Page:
The key to digital success and development in all levels of government is a strong and dedicated team of leaders, according to Deloitte’s director of government innovation William D. Eggers.

“It really does rely on different levels of leadership,” Eggers said in an interview with MeriTalk. “Where you don’t have that leadership, it becomes much more difficult.”

DOD_frontcoverThis need for leadership, as well as the innovative practices that can lead to digital transformation, are the subject of Eggers’ book, Delivering on Digital, which was released June 8.

“A lot of the book is really about the innovators inside the government, who, against all odds, are pushing change,” Eggers said. He said that leaders like David Bray at the FCC, founder of 18F and former CTO of the Environmental Protection Agency Greg Godbout, and Code for America’s founder and executive director Jennifer Pahlka were great examples of people moving the U.S. government’s digital culture forward.

“It’s also very important to have political leadership and use political capital,” Eggers added. Like many, he is keeping an eye on the upcoming change in administration and what that means for IT. He hopes that the next leadership will not try to start over with digital initiatives. “I hope the next admin will build on what has been developed.”

He commended President Obama on the strong digital foundation that his administration has laid, noting that though the disastrous launch was not something any politician wanted to be tied to, it helped change the digital outlook of the Federal government in important ways.

“It ended up being the best thing that ever happened to digital in the U.S.,” Eggers said. “It demonstrated […] how important getting digital right is in today’s world.”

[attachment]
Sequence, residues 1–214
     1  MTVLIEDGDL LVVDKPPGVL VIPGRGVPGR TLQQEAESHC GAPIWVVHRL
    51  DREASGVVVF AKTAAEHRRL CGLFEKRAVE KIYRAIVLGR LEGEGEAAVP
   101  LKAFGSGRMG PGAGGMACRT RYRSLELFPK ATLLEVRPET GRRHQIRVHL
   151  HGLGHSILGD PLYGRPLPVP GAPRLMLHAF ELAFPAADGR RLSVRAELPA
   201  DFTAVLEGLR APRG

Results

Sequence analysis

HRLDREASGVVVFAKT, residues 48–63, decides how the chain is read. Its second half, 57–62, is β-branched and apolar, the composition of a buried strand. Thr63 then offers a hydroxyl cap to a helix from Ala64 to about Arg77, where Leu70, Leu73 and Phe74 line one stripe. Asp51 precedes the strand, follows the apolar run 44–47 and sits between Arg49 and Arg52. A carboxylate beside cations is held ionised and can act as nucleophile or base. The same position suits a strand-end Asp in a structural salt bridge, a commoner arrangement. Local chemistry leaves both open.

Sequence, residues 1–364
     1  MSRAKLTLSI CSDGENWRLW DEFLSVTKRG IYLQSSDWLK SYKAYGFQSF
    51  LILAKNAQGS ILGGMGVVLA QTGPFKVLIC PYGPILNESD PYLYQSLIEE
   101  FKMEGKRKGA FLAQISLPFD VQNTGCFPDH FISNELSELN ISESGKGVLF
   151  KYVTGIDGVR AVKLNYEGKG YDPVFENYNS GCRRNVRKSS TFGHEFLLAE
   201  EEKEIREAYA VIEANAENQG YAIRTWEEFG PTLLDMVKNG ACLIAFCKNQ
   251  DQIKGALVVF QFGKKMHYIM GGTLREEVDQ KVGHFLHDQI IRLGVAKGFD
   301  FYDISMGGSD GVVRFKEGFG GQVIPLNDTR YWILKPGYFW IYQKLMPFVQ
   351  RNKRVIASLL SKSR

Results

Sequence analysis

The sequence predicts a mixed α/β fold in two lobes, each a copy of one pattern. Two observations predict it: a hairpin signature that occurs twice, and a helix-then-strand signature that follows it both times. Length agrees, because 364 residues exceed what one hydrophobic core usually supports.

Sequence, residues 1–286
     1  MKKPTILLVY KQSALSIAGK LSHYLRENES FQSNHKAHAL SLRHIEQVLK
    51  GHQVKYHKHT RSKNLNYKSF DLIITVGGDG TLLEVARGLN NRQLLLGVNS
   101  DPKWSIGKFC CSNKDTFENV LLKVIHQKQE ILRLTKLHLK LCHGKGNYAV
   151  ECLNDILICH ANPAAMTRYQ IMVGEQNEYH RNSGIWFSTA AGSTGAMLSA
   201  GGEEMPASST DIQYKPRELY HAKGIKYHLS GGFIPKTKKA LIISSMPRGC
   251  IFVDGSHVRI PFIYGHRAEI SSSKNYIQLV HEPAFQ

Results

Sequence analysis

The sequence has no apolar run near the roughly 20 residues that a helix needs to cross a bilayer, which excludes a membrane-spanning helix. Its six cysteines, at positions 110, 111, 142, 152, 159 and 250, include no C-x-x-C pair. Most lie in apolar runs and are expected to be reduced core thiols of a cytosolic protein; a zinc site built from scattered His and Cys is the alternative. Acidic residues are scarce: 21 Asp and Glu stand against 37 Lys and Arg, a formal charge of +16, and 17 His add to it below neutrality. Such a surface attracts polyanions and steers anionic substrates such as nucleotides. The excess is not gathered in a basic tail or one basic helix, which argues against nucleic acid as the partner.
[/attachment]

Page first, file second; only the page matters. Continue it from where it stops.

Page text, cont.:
Two main focuses of the book are the lack of digital talent in the government and the need for updated systems and infrastructure.

“If you don’t make it less hierarchical, less bureaucratic, and more creative, people are not going to stay,” Eggers said of governments’ digital culture. He also criticized the method of hiring digital talent. “They’re certainly not going to wait around for nine months.”

Eggers championed the more innovative solutions that agencies have used to attract talent, such as an augmented reality game released by the Navy, and the Consumer Financial Protection Bureau included digital job postings in its source code. Going to where the IT community looks for jobs, and creating innovative ways to reach out to them, is an important step, according to Eggers.

Eggers said that he was motivated to write the book because he wanted to inspire those working in the government or who are concerned about the government’s digital stance to push it forward in the right direction.

“I wrote another book on government technology 12 years ago,” Eggers said, referencing his book Government 2.0, which predicted that government was on the cusp of a digital revolution. “It was supposed to already be here, and it didn’t happen.”

Eggers wants his book to be a one-stop shop for changing the government’s digital mind-set, and includes case studies and suggestions for moving agencies and organizations forward.

“It really gives them a road map,” he said. “I think there’s a whole lot of lessons that can be learned from this.”

Eggers was also quick to note that not all areas and levels of government are facing the same concerns or the same successes.

“Local governments are closer to the people; they engage more with people,” he said, finding that local governments are typically better at addressing direct concerns and sourcing from their communities. “It differs dramatically depending on the level of government.”

Ultimately, Eggers wants those who read his book to understand the path forward to digital improvement, and how important that improvement is.

“Governments around the world are struggling with this issue,” he said. “Doing digital is not a choice; it’s a necessity.”


Update: This story was updated to clarify the mention of the digital job postings in source code.  

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